Well known Ely businessman dies at the age of 79
- Credit: Archant
A WELL known farming businessman and founder of the Old Fire Engine restaurant in Ely has died at the age of 79.
The funeral of John Barcham Stevens, who founded Barcham Trees and ran a successful poultry farming business, will be held at Ely Cathedral on Tuesday June 11 at 2.30.
Mr Stevens was often spotted in the city wearing his green Barbour jacket and red scarf having parked his old yellow Range Rover on double yellow lines with a dog or two on the back seat.
The first child of Percy and Joan Stevens, John was born by lamplight at Paradise Farm in 1934.
His early years were spent helping on the farm and by the age of seven he could yoke and lead the shire horses for collecting the shocks of corn.
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When World War II broke out the Air Ministry decided to build Witchford aerodrome on part of the farm and as one of the cottages had to be demolished being under the flight path, his parents moved out of the farmhouse and were given permission to build a bungalow just down the road.
Days were still spent at the farm and John would regularly count the number of Lancaster bombers leaving on their raid to Germany and how many returned, some with an engine missing.
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John went to Ely High school kindergarten before moving to the King’s school, after which he boarded at the Leys school in Cambridge.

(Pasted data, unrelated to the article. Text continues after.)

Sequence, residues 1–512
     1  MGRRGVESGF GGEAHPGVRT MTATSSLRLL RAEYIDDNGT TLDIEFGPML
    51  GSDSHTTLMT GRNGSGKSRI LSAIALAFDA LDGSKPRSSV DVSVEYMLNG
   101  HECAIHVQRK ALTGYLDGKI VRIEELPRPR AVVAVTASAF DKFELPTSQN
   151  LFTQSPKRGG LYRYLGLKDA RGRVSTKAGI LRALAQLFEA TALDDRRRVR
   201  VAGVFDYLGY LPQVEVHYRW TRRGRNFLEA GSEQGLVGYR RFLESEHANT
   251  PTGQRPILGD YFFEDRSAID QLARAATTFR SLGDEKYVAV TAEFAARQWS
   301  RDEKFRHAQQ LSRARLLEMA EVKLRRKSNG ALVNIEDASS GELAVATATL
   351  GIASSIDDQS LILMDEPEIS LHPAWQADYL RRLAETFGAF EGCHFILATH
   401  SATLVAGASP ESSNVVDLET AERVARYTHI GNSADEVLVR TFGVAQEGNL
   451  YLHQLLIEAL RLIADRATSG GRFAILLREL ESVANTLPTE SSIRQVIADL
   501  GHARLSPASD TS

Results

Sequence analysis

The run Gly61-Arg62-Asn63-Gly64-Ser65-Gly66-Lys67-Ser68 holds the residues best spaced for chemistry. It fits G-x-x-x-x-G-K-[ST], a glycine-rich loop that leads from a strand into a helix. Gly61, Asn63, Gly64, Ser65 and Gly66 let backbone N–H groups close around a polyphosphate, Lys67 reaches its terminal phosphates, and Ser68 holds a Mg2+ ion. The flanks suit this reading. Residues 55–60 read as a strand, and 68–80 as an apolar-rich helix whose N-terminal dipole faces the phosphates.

Holidays were spent with his two younger sisters and helping on the farm, especially at harvest time.
He soon learnt to drive a tractor and combine, which then were small, open, and dusty, and hard work was involved lifting heavy sacks of grain which, he said, caused his stoop.
At the age of eighteen, he was called up for National Service and spent most of it in Germany.
He loved ski-ing and was chosen to represent the British Army in the cross country ski-ing championships.
All his life he enjoyed skiing, especially heli-ski-ing in Canada.
He liked to go hunting and shooting in his early life, and loved playing tennis and latterly, real tennis which he was still playing last year.
When he was discharged from the army, he went to Harper Adams Agricultural College before returning to Ely, moving into Barcham Farm and starting his life’s work.
However, having an entrepreneurial spirit, he looked at more than just the conventional farming methods of the late fifties and his first effort in diversity was growing Lakeland runner beans on a large scale which involved many of the local Soham women coming to pick the beans which were taken to the canning factory in Wisbech.
Many of these women became life long friends.
About this time, Bernard Matthews started to make a name for himself with his Norfolk turkeys and John decided that this was a market ripe for the plucking!
Soon the farm had thousands of birds housed within turkey sheds.
Unfortunately, Barcham was under the flight path for Mildenhall, and every time a plane came over rather low, the turkeys, being stupid birds, would panic and go into a huddle in the corner, causing many to be suffocated.